The yellow-crowned amazon or yellow-crowned parrot (Amazona ochrocephala) is a species of parrot native to tropical South America and Panama. The taxonomy is highly complex and the yellow-headed (A. oratrix) and yellow-naped amazon (A. auropalliata) are sometimes considered subspecies of the yellow-crowned amazon. Except in the taxonomic section, the following deals only with the nominategroup (including subspecies xantholaema, nattereri and panamensis).They are found in the Amazon basin.

The common sparrow (Passer domesticus), also called pardal [2] or chilero, is a species of passerine bird of the Passeridae family. It is adapted to the urban habitat to the point of being the most frequent and well-known bird in those areas, although in absolute terms the finch is more abundant. Live as a commensal of the human being. It is native to Eurasia and North Africa, but is currently distributed in urban areas in temperate zones of almost the entire world, as it has been introduced by humans in the rest of the continents, with the exception of Antarctica.

Bird of activity mainly twilight and nocturnal. It lives in dry areas in the north of the country and east of the Andes. Its name Burhinus means ox beak and derives from the Greek roots bous = ox and rhinos = beak. Its epithet bistriatus means double striated and derives from the Latin roots bi = double and striatus = striated.

The mountain velvetbreast (Lafresnaya lafresnayi) is a species of hummingbird in the Trochilidae family. It is the only member of its genus. It is found in Colombia, Ecuador, Peru, and Venezuela. Its natural habitats are subtropical or tropical moist montane forests and heavily degraded former forest.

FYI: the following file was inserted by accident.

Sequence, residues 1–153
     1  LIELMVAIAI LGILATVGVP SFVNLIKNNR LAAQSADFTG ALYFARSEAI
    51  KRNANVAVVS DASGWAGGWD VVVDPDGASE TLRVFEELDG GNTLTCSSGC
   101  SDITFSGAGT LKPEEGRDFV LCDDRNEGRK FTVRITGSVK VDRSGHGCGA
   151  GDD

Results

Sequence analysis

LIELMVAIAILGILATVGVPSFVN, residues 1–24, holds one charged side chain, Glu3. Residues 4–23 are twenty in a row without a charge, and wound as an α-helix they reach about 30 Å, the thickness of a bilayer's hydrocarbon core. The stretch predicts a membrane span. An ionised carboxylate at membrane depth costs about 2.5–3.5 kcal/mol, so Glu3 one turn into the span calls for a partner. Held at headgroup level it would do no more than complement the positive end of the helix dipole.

The purple honeycreeper (Cyanerpes caeruleus) is a small bird in the tanager family. It is found in the tropical New World from Colombia and Venezuela south to Brazil, and on Trinidad. A few, possibly introduced birds have been recorded on Tobago. The species is a bird of northern South America, and besides the Amazon Basin and the Guianas, a coastal range occurs west of the Andes, including parts of southern Panama. In the south, its range extends to the extreme western Pantanal. Though it is most frequently seen in the lowlands up to 3,300 ft (1,000 m) ASL or so, it has been encountered as high as 7,500 ft (2,300 m) ASL.

This batara has a strong hooked beak with which it catches various insects and spiders. It is generally seen in pairs following mixed flocks. Thamnophilus derives from the Greek thamnos = bush and philos = lover of, referring to their habit of moving at low heights among the bushes. Its epithet nigrocinereus refers to its coloration and derives from the Latin niger = black and cinereus = ash color.

This species is endemic to the Sierra Nevada de Santa Marta in Colombia and is probably closely related to G. kaestneri. Its name Grallaria derives from the modern Latin grallarius = stiltwalker and its epithet Bangsi was established in honor of the American zoologist and collector Outram Bangs.